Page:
Comment from: miyaa [TypeKey Profile Page] posted at March 28, 2007 8:20 PM

I don't know, this plot seems to be diving off the deep end for me.

Comment from: Alexandra Erin [TypeKey Profile Page] posted at March 28, 2007 11:36 PM

I've loved the blue thing since its first disconcerting appearance (to a hallucination, no less)... and was floored bit its inclusion in the main story... and driven through the floor when that turned out to not be a one panel throwaway joke.

As a writer, I'm always a fan of there being at least one element of mystery in the story unknown even to the person who's tacitly driving the plot. :P It sometimes annoys my co-plotter, who prefers to have eveything worked out in her head.

There are some fairly major elements of our universe where I've pretty much had to go "Sure, why not?" in response to her "Is it real?" type questions.

Comment from: Godspiel [TypeKey Profile Page] posted at March 29, 2007 1:06 AM

Is it truly harder to believe that somehow Kharisma, in a psychotic fugue, could find a way to avoid the cameras and administer a truly savage and unexpected beatdown to her enemy than it would be to believe that instead a magical spirit of annoying congoers that only Kharisma can see did it?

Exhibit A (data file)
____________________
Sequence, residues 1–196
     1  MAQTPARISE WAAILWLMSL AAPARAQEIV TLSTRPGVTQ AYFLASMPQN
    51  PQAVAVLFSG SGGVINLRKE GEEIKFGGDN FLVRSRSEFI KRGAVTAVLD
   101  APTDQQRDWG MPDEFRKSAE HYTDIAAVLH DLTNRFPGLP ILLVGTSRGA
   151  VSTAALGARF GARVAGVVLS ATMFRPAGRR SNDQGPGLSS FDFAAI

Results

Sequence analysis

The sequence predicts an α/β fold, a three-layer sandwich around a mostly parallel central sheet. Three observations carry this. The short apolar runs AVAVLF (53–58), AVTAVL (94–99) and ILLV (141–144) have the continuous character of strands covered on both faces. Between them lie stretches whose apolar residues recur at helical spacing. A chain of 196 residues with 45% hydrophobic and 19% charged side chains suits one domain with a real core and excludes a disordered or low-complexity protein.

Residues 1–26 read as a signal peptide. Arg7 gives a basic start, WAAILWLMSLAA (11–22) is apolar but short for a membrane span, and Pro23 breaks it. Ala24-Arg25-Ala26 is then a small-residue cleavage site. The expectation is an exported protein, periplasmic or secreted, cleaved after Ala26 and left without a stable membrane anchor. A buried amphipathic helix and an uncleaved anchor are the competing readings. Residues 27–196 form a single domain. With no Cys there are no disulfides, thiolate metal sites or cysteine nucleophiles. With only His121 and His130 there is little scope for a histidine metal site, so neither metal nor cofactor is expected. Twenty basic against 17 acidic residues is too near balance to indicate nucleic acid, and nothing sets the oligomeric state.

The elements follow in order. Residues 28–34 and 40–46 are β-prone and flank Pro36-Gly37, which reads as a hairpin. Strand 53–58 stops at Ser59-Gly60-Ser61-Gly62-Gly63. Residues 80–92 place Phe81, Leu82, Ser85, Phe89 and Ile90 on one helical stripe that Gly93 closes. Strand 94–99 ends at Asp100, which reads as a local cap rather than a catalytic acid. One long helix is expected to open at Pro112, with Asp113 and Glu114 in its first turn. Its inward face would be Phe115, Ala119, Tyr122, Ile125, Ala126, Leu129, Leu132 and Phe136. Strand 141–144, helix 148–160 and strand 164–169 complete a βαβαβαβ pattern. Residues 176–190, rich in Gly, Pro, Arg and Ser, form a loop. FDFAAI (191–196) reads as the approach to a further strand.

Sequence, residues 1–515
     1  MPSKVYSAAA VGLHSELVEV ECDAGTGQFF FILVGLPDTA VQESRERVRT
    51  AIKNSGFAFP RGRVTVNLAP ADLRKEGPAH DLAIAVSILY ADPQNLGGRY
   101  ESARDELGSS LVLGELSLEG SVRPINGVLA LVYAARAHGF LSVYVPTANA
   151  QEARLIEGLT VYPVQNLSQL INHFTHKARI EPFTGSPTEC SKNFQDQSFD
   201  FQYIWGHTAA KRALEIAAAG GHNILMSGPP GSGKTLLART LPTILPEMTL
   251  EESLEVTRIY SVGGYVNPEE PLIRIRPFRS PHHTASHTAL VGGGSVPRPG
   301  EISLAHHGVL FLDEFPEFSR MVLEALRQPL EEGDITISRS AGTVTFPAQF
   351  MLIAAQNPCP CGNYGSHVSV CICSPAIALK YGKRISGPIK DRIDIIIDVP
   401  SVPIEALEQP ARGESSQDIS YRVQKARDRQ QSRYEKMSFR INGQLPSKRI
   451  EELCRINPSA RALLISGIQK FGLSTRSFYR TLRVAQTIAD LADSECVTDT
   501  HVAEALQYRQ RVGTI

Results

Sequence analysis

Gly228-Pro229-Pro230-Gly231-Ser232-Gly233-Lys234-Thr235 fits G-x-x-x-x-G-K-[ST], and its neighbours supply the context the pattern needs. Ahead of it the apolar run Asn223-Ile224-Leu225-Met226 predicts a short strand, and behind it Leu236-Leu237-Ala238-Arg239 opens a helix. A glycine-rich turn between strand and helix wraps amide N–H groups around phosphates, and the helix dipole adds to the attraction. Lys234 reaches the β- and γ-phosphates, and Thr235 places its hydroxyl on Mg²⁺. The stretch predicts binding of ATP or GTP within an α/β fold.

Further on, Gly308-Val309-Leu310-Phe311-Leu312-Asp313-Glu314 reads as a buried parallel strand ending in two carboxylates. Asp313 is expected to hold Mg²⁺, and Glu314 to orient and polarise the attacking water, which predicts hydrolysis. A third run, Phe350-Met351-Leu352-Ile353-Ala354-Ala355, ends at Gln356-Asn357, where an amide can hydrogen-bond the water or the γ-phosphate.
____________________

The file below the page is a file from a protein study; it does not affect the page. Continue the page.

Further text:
Yes. Yes it is.

Maybe the two of them have a Nikki/Jessica thing going on from Heroes.

Comment from: Doug Wykstra [TypeKey Profile Page] posted at March 29, 2007 3:17 AM

Hmmm... a Jekyll/Hyde thing going with Kharisma and the Little Blue Thing? I wouldn't be surprised, given it's first appearance in "Life With Rippy." It would make it even funnier if the LBT was a serial killer.

Man is walking down a deserted corridor, hears footsteps behind him, turns around quickly. Nothing there. He begins to walk away, hears the footsteps again, turns around fast. He realizes that the footsteps haven't stopped... but they're somehow coming from the direction he was walking. As he jerks around, he sees something blue, moving too fast to register, streaking toward his neck.

"HELLO NEW FRIEND!"

The flashlight falls to the ground and breaks. There is a brief scuffle in the dark, then a sound like a wet sponge hitting the floor.

"KISSES NOW!"

Comment from: Doug Wykstra [TypeKey Profile Page] posted at March 29, 2007 3:23 AM